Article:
Experimentation helps brainstorm new strategies, ideas, and ways to grow. This team helps identify which experiments are worth running and determine success. Tracking results is very important.
6. Ensure Stakeholders Understand the Core Functionality and New Releases
The product ops team works closely with the product marketing team to help launch features as effectively as possible. This team also identifies and fills knowledge gaps.
Product Operations Manager Qualities
People in product ops need to have certain qualities to help them succeed in their role and, in turn, help the business grow.
Product ops is at the core of product-led companies and must be:
- Data Focused
- Efficiency Driven
Generally, a products ops manager has responsibilities related to:
- Data: Collect, organize, and analyze product data to ensure that the entire organization uses it to the best of their ability.
- Tools: Manage the product tech stack while assisting team members in using each tool.
- Strategy: Create and carry out product strategies alongside other departments such as sales and marketing.
- Experimentation: Implement and track experiments related to product ops.
- Key decisions: Alongside other executives, such as the VP of Product and CPO, make key decisions related to all aspects of product ops.
How to Determine if You Need a Product Ops Team
So, is product ops right for you?
Remember that you need to put the product experience at the center of your organization. To help you decide whether you need product ops or not, ask yourself (and your team) the following questions:
- Does your company have more than one product team?
- Do you have multiple offerings?
- Are you experiencing rapid growth and expansion?
- Is your company experiencing a lack of process and a need for scale?
If any of these pain points resonate with you, you may want to consider product ops.
FAQs About Product Operations
What is the difference between a product manager and product operations manager?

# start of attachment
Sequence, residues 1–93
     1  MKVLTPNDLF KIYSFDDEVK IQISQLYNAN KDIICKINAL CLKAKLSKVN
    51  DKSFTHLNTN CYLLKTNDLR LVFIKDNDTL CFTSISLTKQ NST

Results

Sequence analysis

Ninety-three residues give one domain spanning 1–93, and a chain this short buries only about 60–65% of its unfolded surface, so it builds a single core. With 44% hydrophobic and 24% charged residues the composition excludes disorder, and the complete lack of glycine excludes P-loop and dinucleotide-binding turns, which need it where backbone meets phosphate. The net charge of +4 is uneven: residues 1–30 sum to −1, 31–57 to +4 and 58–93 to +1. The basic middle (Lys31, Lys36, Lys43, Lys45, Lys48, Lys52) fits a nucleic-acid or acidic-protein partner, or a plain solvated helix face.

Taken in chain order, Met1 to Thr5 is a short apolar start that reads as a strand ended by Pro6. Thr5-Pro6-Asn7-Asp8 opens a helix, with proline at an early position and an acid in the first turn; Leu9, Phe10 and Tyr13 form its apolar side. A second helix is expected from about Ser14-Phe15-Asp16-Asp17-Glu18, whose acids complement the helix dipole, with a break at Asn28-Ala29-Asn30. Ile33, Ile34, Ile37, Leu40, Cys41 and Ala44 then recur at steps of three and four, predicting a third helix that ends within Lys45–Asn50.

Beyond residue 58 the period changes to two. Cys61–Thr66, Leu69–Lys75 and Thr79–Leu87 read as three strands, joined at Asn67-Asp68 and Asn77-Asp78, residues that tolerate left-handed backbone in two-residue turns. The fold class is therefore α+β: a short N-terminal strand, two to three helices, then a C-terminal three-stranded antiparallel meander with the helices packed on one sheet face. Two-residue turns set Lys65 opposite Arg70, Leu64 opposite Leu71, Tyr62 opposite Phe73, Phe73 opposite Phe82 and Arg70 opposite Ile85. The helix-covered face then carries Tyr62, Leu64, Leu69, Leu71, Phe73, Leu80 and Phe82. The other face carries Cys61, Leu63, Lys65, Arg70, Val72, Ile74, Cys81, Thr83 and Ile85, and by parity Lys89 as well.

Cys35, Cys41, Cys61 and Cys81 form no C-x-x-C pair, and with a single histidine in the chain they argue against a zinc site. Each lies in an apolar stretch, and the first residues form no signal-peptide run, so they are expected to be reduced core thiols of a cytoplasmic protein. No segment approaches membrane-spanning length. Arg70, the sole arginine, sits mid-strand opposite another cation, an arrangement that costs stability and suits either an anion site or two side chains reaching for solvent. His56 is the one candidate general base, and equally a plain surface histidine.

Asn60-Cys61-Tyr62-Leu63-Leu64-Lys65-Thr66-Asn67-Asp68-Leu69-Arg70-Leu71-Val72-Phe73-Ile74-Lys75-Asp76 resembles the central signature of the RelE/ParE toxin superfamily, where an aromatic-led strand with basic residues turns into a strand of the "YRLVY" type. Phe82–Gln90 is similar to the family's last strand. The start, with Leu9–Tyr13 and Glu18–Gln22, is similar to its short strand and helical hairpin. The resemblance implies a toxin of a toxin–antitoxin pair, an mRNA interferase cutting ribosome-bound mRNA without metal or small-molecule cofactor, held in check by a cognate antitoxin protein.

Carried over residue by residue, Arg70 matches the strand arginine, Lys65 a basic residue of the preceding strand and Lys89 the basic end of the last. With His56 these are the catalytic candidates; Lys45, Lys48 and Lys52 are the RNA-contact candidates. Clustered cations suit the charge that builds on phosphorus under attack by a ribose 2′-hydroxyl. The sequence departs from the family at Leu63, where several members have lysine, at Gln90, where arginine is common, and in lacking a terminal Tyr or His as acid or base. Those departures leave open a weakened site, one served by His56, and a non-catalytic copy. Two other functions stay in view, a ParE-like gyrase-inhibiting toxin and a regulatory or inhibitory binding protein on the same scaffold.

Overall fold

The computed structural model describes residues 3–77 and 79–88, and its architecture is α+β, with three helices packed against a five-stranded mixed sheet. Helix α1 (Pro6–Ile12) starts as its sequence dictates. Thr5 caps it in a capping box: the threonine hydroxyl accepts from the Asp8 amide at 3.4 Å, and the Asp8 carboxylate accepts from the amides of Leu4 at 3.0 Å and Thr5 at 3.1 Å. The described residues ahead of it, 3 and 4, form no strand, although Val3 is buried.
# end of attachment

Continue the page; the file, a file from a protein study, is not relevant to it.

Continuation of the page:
Both positions work closely on different development tasks. Product managers are data-driven and keep a company’s design, engineering, and business teams aligned and focused on delivering the value of a product to consumers. Product operations managers handle daily development tasks and focus on data collection, tracking, and analysis to make big decisions for the entire company, not just one product.
Is an operations manager higher than a production manager?
Yes, an operations manager is higher than a production manager. Operations managers oversee the operational practices at every level to ensure cost-effectiveness and best practices within a company. Alternatively, production managers focus on the product development process including planning, creation, and customer experience.
What tools do product operations people use, specifically?
Teams use tools for prototyping, road mapping, A/B testing, user onboarding, data analysis, heat mapping, knowledge management, and other tools. Here's a list of 199+ tools for product-led growth.
How Will Your Product-Led Company Benefit From Products Ops?
Swamped product managers need help. Nobody can perform at their very best level when their plates are too full.
Establishing product ops helps with time-consuming and operational tasks so that the product managers can get back to doing what they’re best at. All of this is in an effort to improve communication and efficiency across the team and beyond.
The product ops team is here to help give product managers their time back. But, they also help to align the organization, so they always have what they need for their customers. They assist product managers in collecting important data.
Ultimately, product ops is here to bear hug customers, ensuring the best customer experience with the product.
Learn More About The Role of Product Managers in Product-Led Growth
Whether you're new to Product Ops or a Product Manager, our ProductLed Growth Certificate is our new on-demand program where you'll learn a holistic perspective to product-led growth and understand exactly what it takes to be successful, so you can help lead or contribute to the initiative at your company
This course is specifically designed for Product Managers and will help you answer these questions:
- Should you offer a free or freemium plan?
- Which features do you give away for free?
- Which features do you hide behind a paywall?
- How do you price things so users are happy to upgrade?
- How do you improve onboarding so more users experience your product's true value?
At the end, you'll be certified as a Product-Led Growth Leader to help you stand out in a crowded job market. You can learn more about the course here.